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Illustration of a proton moving perpendicular to a magnetic field, showcasing the calculation of the acceleration magnitude based on the given values.

Calculating Proton's Acceleration in a Magnetic Field: Unveiling the Elemental Forces


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Question: A proton moves at a speed of 1.9 × 10^7 m/s at right angles to a magnetic field with a magnitude of 0.49 T. Find the magnitude of the acceleration of the proton. The elemental charge is 1.60 × 10^−19 C .

Asked by hayden94

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The force on a moving charged particle in a magnetic field is given by the formula F=Bqv, where B is the magnetic field strength, q is the charge, and v is the velocity. The force is orthogonal to the velocity of the particle and the direction of the field, which leads to the particle's centripetal acceleration in a circular path. In your case, knowing that centripetal force is equal to the mass (m) of the particle times its acceleration (a), we can set up the equation: F=ma. Substituting m*a with Bqv (provided by the Lorentz force law) gives: Bqv = ma. We are looking for the acceleration (a), so let's rearrange the equation for a: a= Bqv/m. Here is what we know: - B (the magnetic field strength) is 0.49 T. - q (the charge) is 1.60 × 10^-19 C. - v (the velocity) is 1.9 × 10^7 m/s. - m (the mass of the proton) is around1.67 × 10^-27 kg. Substituting these values into the formula we get: a=(0.49 T * 1.60 × 10^-19 C * 1.9 × 10^7 m/s) / 1.67 × 10^-27 kg. By calculating this, the answer for the acceleration will be approximately 8.83 × 10^13 m/s². Please keep in mind that the answer is given in two significant digits following the scientific notation rules.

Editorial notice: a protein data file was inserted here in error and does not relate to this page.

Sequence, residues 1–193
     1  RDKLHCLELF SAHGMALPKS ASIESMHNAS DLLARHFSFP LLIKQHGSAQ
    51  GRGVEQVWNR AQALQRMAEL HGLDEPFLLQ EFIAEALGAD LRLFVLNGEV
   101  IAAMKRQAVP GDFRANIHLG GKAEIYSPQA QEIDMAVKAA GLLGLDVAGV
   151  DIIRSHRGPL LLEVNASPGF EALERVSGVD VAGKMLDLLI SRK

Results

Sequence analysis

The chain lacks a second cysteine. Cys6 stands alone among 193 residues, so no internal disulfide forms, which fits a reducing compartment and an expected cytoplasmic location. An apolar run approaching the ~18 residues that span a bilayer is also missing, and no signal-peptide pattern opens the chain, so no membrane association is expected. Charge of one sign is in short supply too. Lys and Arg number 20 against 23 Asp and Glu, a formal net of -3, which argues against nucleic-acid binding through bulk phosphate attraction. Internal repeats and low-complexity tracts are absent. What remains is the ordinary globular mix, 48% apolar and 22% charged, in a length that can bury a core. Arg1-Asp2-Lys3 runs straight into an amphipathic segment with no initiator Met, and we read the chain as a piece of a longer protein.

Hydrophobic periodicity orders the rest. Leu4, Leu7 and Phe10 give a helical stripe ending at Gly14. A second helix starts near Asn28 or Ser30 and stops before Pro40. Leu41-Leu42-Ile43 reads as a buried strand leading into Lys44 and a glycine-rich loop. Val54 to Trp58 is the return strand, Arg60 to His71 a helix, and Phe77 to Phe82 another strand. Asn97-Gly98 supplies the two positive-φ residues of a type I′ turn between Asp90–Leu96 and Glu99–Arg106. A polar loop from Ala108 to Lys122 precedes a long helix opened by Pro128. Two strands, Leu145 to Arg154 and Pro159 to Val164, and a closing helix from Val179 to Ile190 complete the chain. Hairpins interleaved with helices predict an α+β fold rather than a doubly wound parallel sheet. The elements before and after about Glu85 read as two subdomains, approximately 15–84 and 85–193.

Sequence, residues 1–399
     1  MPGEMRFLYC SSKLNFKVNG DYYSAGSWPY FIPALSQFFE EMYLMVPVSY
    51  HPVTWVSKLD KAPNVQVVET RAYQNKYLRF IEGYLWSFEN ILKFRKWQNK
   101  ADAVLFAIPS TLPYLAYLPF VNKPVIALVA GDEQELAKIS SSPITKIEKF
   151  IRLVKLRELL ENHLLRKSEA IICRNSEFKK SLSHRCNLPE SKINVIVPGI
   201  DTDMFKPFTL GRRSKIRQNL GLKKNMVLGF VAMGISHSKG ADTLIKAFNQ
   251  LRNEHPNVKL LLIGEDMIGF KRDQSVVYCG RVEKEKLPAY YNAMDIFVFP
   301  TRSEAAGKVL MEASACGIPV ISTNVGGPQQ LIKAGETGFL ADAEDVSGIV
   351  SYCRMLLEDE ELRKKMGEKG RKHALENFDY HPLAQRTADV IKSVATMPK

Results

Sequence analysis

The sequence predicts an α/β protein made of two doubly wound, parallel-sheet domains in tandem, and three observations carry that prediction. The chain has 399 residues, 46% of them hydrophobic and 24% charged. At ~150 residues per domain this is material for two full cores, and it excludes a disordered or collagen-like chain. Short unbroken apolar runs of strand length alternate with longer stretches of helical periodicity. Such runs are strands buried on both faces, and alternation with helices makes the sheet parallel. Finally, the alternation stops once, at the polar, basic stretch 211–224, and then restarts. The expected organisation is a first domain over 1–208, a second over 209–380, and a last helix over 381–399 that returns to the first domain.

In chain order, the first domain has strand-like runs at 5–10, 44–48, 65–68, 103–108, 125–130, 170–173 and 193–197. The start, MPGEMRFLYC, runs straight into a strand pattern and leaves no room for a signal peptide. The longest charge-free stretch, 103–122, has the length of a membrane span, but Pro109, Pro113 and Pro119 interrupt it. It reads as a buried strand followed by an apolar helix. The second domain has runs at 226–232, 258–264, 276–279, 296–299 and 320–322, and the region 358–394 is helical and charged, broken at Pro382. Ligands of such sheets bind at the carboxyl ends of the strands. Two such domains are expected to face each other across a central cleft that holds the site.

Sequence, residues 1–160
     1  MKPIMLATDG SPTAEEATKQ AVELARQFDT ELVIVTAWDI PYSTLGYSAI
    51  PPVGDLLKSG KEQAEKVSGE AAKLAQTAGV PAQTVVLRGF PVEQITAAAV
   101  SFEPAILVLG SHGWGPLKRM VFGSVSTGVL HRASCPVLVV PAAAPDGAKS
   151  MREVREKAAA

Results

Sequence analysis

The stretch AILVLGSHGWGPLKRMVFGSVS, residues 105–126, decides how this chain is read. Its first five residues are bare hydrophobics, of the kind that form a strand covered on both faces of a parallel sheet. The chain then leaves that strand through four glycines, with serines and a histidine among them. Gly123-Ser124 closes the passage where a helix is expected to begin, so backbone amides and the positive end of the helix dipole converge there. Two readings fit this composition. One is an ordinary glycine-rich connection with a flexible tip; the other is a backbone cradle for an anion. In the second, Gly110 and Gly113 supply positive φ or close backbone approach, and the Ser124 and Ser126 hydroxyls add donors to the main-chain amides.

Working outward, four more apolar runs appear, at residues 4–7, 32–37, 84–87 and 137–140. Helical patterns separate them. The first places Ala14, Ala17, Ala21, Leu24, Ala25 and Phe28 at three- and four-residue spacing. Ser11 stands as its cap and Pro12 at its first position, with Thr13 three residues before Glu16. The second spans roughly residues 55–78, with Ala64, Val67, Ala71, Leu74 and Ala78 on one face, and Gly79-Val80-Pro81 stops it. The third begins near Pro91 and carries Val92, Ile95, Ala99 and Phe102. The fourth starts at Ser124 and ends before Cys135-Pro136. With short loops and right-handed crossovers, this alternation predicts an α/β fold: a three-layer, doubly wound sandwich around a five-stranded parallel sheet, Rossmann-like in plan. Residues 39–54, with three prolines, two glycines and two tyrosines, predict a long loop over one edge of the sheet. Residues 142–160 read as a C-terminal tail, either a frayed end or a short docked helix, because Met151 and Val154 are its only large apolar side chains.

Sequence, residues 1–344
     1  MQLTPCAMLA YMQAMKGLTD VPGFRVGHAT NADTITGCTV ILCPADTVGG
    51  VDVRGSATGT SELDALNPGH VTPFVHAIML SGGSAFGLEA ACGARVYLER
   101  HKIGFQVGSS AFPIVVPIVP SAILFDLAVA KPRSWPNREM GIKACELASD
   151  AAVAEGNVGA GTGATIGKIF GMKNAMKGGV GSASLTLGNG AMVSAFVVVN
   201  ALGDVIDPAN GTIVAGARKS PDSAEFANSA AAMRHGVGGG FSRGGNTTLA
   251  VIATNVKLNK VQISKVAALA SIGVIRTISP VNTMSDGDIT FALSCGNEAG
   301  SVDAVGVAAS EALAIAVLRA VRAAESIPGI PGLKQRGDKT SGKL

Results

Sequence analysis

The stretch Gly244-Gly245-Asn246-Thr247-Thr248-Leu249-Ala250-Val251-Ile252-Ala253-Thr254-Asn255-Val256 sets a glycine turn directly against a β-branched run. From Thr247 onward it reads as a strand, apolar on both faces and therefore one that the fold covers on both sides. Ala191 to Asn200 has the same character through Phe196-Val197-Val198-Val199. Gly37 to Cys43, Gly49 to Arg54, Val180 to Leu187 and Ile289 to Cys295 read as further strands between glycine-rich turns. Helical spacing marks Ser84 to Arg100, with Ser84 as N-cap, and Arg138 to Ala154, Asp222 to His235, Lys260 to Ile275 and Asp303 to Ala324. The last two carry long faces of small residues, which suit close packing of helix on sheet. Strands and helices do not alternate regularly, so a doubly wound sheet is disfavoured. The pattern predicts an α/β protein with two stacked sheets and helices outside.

Answered by gpt-4

May 2, 2024, 7:59 a.m.

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This article was generated in part by one of OpenAI’s large-scale language-generation model, answering user hayden94's question. Images were generated with OpenAI's AI model, DALL·E 2. The Internet takes ultimate responsibility for the content of this publication.
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Published: Thursday, May 2, 2024

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